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LOS ANGELES (Reuters) - Fairy tales are back with a darkened vengeance on U.S. television, scaring up a fright and putting a new twist on a genre long dominated by pretty princesses and charming princes.
Inspired by the 19th century tales from the German storytellers the Brothers Grimm, "Grimm," debuts on NBC on Friday just days after "Once Upon a Time" premiered on rival network ABC.
Part crime drama, part fantasy, "Grimm" features Detective Nick Burkhardt (played by David Giuntoli) who battles mythical evil creatures such as the Big Bad Wolf from "Red Riding Hood."
But only Burkhardt can see the creatures behind their every day disguises as average inhabitants of present day Portland as he fights evil in human and supernatural forms.
"It's a sort of a marriage of a police procedural and mythological fracturing fairy tales every week," said David Greenwalt, one of the executive producers of the news series.
Greenwalt and co-producer Jim Kouf also intersperse the show with humor.
"People love to be scared, and they love to have a little bit of a laughter while they're being scared," Greenwalt said.
Although tales like "Cinderella" and "Snow White" have turned into lighter, happier stories by Disney, "Grimm" returns the fables to the darker original form presented by the Brothers Grimm and blurs the line between good and bad.
"The 'big bad' comes in a little different form in 'Grimm' because we're presenting some characters that appear to be bad but may actually have some good agendas," explained Greenwalt.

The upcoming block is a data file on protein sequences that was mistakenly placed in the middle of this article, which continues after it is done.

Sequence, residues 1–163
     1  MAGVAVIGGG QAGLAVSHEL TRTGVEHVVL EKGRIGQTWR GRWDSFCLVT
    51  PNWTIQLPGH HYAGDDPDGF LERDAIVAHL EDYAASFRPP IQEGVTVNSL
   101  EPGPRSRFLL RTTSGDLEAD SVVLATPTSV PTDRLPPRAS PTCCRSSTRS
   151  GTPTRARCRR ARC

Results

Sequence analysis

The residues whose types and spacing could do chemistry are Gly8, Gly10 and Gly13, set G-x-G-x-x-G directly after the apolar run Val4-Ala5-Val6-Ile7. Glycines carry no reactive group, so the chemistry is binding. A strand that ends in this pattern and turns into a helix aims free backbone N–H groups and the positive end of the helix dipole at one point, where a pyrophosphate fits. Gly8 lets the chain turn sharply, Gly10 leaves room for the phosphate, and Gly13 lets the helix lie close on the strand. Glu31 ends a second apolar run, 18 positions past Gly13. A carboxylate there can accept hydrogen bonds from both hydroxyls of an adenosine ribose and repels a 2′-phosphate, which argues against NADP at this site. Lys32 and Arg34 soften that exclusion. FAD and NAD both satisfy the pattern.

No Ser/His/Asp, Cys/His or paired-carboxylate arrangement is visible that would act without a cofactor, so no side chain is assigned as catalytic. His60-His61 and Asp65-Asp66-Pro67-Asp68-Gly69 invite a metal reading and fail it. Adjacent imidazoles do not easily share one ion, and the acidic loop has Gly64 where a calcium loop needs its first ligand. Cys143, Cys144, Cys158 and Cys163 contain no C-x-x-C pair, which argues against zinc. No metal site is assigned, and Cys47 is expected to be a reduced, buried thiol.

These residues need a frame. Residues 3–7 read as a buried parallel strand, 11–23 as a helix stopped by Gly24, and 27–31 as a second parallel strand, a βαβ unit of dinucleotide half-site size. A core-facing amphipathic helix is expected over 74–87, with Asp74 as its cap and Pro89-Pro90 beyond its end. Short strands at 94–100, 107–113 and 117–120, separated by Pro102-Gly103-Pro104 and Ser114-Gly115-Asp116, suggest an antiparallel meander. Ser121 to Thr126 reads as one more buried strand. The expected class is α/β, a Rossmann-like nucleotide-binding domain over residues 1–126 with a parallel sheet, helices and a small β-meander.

NBC isn't the only network tapping into the revival of the dark fairy tale.
"Once Upon A Time" is a series about storybook characters like Snow White who find themselves unknowingly trapped in the real world, where things don't always have a happy ending. It opened on Sunday to a strong audience of 12.9 million viewers.
AMC's zombie series "Walking Dead" is the cable network's biggest hit, while FX has new series "American Horror Story".
The rising popularity of dark fairy tales may be partially attributed to the success of the "Twilight" vampire film and book franchise, which is a love story embedded in an epic tale transcending real and supernatural worlds.
The producers of "Grimm" believe the new trend is also down to people going back to classics to find new ideas.
"That's pretty interesting that all of sudden so much of attention was given to fairy tales," said Greenwalt.
"I think people are just looking for things to remake and books and source material for a lot of different projects. So everybody suddenly starting paying attention to the Brothers Grimm," he said.
"Twilight" director Catherine Hardwicke also delivered an adult "Red Riding Hood" film starring Amanda Seyfried earlier this year, while Vanessa Hudgens and Alex Pettyfer switched up the tale of "Beauty and the Beast" in the edgy movie "Beastly."
The trend on the big screen will continue next year as the tale of "Snow White" gets two remakes.
"Twilight" star Kristen Stewart dons medieval armor in "Snow White and the Huntsman", while Lily Collins and Julia Roberts take the lead in a second 2012 movie in which the seven dwarfs try to reclaim their destroyed kingdom.
Editing by Jill Serjeant and Bob Tourtellotte